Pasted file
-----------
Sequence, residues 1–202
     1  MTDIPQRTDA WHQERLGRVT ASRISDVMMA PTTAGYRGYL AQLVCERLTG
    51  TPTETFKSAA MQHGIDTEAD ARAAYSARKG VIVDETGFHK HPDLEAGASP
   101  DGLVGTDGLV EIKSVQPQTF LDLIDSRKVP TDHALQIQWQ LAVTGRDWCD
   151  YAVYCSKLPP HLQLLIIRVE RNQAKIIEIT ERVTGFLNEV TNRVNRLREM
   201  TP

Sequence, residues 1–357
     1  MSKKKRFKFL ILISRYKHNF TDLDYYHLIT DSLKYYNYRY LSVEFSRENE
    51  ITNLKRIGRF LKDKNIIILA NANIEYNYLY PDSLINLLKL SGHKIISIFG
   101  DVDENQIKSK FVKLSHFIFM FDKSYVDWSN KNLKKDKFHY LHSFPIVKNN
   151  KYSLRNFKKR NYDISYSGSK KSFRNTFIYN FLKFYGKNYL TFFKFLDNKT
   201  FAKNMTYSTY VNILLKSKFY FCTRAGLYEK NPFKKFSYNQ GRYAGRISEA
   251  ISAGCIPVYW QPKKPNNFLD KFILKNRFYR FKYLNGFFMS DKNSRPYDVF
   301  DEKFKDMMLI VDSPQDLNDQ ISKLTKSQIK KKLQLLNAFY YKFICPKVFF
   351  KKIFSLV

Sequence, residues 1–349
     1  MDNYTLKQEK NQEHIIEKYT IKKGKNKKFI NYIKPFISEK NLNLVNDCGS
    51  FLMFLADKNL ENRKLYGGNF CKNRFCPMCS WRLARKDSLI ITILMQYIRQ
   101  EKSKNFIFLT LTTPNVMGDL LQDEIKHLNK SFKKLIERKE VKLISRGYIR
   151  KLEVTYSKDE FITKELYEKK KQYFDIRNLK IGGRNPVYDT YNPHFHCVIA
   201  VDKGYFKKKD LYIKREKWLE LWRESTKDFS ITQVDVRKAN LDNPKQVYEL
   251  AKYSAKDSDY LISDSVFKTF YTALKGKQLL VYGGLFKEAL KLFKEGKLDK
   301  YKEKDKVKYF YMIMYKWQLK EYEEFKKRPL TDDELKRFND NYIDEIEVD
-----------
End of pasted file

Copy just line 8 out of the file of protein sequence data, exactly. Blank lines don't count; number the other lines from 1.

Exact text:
     1  MSKKKRFKFL ILISRYKHNF TDLDYYHLIT DSLKYYNYRY LSVEFSRENE